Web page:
Mississippi voters just approved a new law requiring voters to show photo identification at the polls. But that law will not go into effect immediately, thanks to the Voting Rights Act. Instead Mississippi will get in line behind Texas and South Carolina as the Department of Justice examines each state’s voter ID laws, in a process known as “preclearance.”
The Justice Department will allow each law to go into effect only if the state can show its law will not have a racially discriminatory purpose or effect. Such proof may be hard to come by: a recent study by The Associated Press found that African-American voters in South Carolina would be much harder hit by that state’s ID law than white voters because they often don’t have the right kind of identification.Read More
An upstart political reform group called Americans Elect is looking to blow apart the Democrat-Republican duopoly that dominates American politics. Its imaginative scheme: nominating an independent presidential candidate over the internet. The group is on the ballot in a half-dozen states, and the national buzz surrounding its initiative is growing—but so too are the questions about who’s bankrolling this effort and the security of the outfit’s voting procedures.
Americans Elect rose from the ashes of Unity08, a group formed in 2006 to increase access to the electoral system for independent presidential candidates. Via Americans Elect’s website, registered voters can sign up as “delegates” and nominate “any American [they] believe can be a great leader.” (For reference, the site offers a lengthy list of current political figures.) In April, delegates will winnow the field of candidates to six finalists, each of whom will then select a running mate from another party (if a finalist decides not to run, he or she can decline). And in June, Americans Elect plans to hold an online convention to decide which candidate will appear on the Americans Elect ballot line.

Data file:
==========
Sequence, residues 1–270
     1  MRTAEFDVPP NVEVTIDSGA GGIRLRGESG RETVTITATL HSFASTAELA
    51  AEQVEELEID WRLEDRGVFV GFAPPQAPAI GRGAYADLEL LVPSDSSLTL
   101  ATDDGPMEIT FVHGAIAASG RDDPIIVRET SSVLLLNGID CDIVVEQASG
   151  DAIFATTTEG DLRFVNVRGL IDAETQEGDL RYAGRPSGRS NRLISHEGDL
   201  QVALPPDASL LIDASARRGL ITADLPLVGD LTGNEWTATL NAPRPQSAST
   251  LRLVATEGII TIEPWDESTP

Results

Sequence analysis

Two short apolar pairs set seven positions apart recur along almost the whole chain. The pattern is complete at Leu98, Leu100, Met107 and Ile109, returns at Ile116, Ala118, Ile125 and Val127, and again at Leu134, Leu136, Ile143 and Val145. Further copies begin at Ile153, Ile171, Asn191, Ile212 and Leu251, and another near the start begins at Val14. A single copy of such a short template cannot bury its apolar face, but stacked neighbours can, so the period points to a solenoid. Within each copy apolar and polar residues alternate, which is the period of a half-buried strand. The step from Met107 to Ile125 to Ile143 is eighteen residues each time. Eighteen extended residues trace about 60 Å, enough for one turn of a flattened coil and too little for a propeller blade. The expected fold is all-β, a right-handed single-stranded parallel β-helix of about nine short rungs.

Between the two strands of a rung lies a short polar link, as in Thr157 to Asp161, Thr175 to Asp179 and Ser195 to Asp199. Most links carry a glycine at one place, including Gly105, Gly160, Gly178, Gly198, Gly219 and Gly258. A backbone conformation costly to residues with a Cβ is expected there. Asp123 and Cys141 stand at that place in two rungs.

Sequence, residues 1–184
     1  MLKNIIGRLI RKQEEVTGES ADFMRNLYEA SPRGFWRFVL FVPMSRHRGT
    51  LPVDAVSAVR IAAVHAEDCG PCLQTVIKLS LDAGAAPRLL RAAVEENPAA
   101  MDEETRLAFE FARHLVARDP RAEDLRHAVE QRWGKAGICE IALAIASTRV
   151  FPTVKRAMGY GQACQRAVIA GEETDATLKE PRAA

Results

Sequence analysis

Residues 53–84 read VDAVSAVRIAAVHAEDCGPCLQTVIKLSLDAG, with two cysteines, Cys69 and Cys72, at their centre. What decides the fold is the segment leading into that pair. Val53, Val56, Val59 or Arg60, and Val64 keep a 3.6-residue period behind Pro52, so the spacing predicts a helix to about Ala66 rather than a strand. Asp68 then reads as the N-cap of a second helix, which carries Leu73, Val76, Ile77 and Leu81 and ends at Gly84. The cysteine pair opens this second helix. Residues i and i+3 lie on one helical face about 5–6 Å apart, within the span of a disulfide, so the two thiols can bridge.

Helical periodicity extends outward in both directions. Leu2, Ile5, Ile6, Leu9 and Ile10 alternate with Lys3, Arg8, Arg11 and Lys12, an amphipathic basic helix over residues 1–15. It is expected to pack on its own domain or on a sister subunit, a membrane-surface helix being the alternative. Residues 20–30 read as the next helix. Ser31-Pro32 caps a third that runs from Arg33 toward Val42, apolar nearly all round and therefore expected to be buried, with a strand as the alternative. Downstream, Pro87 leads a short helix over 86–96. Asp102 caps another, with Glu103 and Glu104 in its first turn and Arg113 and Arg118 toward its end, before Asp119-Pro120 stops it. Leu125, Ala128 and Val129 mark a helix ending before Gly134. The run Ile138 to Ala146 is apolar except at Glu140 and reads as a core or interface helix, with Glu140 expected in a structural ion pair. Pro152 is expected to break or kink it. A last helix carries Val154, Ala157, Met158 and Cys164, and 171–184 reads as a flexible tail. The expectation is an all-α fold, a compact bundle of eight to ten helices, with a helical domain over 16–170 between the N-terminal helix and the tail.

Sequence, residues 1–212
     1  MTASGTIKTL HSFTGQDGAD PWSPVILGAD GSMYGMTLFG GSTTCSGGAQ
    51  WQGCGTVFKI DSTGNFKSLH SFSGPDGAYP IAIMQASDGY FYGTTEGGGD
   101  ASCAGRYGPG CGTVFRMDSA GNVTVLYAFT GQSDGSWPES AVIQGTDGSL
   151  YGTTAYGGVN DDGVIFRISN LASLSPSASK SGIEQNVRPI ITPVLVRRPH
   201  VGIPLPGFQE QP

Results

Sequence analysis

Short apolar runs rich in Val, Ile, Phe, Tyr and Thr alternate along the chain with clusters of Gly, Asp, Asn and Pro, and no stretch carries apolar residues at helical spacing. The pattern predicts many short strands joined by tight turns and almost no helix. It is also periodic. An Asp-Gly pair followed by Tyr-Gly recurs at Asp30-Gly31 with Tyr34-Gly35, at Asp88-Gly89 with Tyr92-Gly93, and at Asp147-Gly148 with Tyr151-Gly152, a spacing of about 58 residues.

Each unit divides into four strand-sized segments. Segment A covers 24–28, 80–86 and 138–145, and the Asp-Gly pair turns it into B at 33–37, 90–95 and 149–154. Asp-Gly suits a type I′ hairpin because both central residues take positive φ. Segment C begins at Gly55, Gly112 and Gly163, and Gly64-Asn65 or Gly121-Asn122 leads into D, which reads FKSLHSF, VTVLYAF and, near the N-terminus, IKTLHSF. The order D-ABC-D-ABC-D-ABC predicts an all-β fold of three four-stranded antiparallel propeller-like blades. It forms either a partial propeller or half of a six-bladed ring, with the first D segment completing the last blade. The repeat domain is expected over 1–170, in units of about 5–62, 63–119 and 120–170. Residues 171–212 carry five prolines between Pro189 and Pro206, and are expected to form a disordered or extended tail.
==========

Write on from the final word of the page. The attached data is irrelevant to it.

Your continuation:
To become certified as a political party, the group must first collect a certain number of signatures in each state. All told, Americans Elect plans to spend $10 million on this effort.So far the group has been certified in six states, including key swing states Florida and Michigan. Certification is pending in California. That’s an encouraging sign for a group hoping to starting an electoral revolution. Read More
“I’ve been doing elections for 33 years, and I think electronic poll-books have been the best advance in elections I’ve seen since we began computerizing many years ago,” says Wendy Noren, county clerk in Boone County, Mo.
What is an electronic poll-book? In Boone County, it is a system of networked computers in each polling place pre-loaded with data on registered voters. This system has shortened voter check-in time at polling places from 5 to 6 minutes to just 15 to 20 seconds, which everybody likes. That translates into huge savings; in 2012, Noren expects to hire 25 percent fewer poll workers, dramatically reducing one of her two largest expenses.